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Tracking Advertising Effectiveness in Digital Editions

Web metrics apply here too, but which one is most important remains to be seen.



By Chandra Johnson-Greene
07/27/2009

Most digital magazines are exact replicas of their print counterparts, but how advertisers view their effectiveness may be quite different. The response to digital magazines can be tracked much more closely and quickly, therefore, publishers should be prepared to supply and interpret the audience response data for their clients.

The metrics used to gauge the effectiveness of ads in digital magazines are less like print and more like the Web—open rates, clickthroughs, time spent, page views, etc.—but what metrics are the most important to advertisers?

Mariah Media announced early last year that it would increase the frequency of Outside’s Go with digital issues instead of print starting in 2009. According to managing director Christine Salem, advertiser reaction in general has been enthusiastic.

“When we demo the summer digital-only issue of Go with its embedded video and audio and flash-animation, advertisers immediately get it,” she said. “The added bonus of metrics is really secondary, I think. Most brand advertisers really value magazines, with their curated content, for their power to provide the kind of environment that builds brands. That a curated reader experience can be achieved digitally and, in addition, provide accountability really turns heads.”

Digital magazine company Zinio provides advertisers with Outside’s Go’s open rates, time spent on the entire issue, time spent on each page and pass-along data, as well as actions taken, such as clickthroughs on hyperlinks, and sharing via email or social media. Because the first of issue of Go only went live on June 19, all of the metrics haven’t been tallied. And as far as what metrics will be most important to Go’s advertisers also remains to be seen.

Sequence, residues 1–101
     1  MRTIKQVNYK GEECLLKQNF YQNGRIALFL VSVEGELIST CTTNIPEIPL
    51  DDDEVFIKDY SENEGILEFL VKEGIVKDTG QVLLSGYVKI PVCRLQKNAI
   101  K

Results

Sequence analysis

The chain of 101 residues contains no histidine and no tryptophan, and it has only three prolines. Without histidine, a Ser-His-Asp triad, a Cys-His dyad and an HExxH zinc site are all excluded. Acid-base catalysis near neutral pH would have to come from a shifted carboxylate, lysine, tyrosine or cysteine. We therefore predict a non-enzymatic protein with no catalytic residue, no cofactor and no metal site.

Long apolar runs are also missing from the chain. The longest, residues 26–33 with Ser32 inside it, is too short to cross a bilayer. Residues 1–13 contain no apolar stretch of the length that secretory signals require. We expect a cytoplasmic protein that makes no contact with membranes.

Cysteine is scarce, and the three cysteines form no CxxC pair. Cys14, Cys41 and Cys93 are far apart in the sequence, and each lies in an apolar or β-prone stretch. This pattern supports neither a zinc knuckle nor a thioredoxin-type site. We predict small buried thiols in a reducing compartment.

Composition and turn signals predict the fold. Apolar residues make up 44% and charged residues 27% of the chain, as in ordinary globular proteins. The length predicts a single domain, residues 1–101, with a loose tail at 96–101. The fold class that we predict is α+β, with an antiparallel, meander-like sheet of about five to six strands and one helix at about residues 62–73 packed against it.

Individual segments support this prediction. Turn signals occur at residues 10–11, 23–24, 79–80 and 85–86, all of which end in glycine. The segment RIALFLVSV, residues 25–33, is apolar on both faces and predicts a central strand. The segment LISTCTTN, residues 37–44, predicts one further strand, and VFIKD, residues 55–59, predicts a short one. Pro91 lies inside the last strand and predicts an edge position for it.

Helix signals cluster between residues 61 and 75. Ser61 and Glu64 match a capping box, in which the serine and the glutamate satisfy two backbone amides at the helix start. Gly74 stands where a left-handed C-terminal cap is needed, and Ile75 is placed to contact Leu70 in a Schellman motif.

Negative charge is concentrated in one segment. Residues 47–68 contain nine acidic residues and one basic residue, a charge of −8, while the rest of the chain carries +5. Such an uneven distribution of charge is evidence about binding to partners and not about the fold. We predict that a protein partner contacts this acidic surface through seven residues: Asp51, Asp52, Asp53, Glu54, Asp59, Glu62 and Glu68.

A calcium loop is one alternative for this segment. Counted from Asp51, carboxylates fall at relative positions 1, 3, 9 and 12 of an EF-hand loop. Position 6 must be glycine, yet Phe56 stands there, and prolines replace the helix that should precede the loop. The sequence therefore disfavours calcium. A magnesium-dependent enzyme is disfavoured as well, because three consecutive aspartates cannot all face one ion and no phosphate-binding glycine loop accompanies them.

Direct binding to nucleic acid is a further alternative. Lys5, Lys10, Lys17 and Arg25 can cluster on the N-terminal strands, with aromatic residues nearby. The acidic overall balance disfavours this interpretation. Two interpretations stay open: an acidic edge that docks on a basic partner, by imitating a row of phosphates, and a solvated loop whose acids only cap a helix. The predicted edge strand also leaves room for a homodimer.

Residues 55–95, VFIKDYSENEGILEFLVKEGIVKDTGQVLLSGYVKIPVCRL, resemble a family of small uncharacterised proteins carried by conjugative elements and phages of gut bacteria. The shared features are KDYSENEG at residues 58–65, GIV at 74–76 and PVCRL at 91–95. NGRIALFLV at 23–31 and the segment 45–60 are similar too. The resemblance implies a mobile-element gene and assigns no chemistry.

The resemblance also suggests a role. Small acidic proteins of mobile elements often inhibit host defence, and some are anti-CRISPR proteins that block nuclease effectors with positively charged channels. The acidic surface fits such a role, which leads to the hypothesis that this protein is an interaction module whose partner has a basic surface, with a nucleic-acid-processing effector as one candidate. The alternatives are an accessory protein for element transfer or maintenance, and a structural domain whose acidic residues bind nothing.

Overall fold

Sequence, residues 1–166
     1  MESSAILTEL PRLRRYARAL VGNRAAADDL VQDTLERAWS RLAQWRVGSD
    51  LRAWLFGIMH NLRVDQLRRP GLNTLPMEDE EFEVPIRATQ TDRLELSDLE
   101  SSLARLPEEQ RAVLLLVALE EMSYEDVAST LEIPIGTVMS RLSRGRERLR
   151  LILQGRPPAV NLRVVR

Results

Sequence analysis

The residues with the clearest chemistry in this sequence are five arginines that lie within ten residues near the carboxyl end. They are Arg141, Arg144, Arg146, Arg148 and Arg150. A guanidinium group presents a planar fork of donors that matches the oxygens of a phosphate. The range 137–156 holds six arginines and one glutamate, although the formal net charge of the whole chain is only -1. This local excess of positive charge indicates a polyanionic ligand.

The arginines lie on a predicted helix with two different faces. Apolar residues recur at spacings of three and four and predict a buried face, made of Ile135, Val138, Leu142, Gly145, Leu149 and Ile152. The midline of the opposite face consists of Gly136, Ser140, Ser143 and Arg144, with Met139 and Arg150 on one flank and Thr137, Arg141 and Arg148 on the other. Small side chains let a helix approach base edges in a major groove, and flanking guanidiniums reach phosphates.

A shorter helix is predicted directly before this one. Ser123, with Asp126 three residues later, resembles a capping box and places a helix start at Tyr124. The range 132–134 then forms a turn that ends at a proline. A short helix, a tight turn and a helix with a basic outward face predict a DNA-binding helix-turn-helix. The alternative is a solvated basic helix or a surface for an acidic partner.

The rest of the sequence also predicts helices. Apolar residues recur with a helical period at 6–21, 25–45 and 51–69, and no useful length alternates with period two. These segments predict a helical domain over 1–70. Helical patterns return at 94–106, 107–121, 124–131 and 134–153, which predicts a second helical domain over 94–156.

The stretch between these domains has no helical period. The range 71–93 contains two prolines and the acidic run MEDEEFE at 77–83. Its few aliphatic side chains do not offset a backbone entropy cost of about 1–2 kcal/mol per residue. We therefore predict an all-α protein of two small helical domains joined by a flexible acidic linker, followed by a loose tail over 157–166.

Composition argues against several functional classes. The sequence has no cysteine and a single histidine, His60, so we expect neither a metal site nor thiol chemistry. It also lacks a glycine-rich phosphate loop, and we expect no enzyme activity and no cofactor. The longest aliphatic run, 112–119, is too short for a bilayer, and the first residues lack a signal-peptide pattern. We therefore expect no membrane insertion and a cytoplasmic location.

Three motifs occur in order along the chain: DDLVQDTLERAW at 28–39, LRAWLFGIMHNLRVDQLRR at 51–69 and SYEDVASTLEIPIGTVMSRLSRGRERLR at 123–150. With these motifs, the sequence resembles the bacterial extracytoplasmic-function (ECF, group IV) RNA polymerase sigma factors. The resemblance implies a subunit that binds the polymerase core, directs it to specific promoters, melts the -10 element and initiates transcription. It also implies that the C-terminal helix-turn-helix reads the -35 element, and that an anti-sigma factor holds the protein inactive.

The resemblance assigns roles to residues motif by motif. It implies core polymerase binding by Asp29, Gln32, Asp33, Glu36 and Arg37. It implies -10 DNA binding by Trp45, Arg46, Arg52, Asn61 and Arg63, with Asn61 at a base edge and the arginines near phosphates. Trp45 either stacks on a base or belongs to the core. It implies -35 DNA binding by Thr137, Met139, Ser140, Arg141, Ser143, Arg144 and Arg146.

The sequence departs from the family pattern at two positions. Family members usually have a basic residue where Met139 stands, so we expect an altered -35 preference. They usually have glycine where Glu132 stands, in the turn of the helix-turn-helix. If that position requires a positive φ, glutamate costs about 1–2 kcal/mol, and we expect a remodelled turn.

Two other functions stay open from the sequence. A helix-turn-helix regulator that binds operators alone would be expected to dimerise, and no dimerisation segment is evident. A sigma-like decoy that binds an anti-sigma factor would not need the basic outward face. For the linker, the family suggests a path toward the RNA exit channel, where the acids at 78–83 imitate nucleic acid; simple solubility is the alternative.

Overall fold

I think our advertisers are only just figuring that out,” Salem said. “Certainly, leads and clickthroughs are the most tangible metrics and will be the ones by which a lot of business will live or die. On the other hand, all those indicators of reader engagement are more subtle, but equally important whether it's a print or digital edition. I think advertisers will also start getting more sophisticated about tracking behaviors like page views and conversions once the reader links through from Go to their Web site.”

Genius Guide Still 'Working Out Details' With Advertisers
For Popular Science’s new digital magazine The Genius Guide, the relationship between publisher and advertiser is a bit different. Instead of being a static replica of a print magazine, The Genius Guide, is fully interactive with original content focused on one topic. Because it was setting a precedent, The Bonnier Corporation had approach advertisers differently.

“We did have our challenges for issue #1,” group marketing director Mike Gallic, said. “Like any good agency doing their homework, advertisers asked ‘How many people are going to see this?’ But being brand new, we couldn’t guarantee that, which was also a concern because advertisers don’t like to jump in. But by the time they saw the finished product, they thought it was awesome. Some of them wished they could go back.”

By issue #2, The Genius Guide had gained enough traction to secure ads by GE, Sears Craftsman and Samsung. “They weren’t afraid to align themselves with us and didn’t require a circ guarantee,” Gallic said, “They believed in reaching the customers, which was a win-win for everybody.”

In addition to metrics—which haven’t been provided just yet, but will be shared with clients once The Genius Guide hits critical mass—PopSci will also share with clients the results of a reader survey that will be included in issue #3. “It will tell us about engagement and how much time they spent with it, as well as demographics,” Gallic said.  

While both companies are still working out the details as far has how the data will be interpreted for advertisers, both Gallic and Salem believe that they have nothing but value to gain from aligning themselves with digital editions.

It's all about user preference, really,” Salem said, “and there are so many advantages to digital editions that over time the user base is going to be too large to ignore. Especially when the digital readers come online. Our challenge is to demonstrate to the ad community how a digital magazine is different from a Web site, and to provide hard-hitting survey data on readers of digital magazines. And down the road, syndicated research techniques and circulation audits will play a role. But step one, I think, is for publishers to make an active effort to convert the ad community into readers of digital magazines.”

By Chandra Johnson-Greene
07/27/2009







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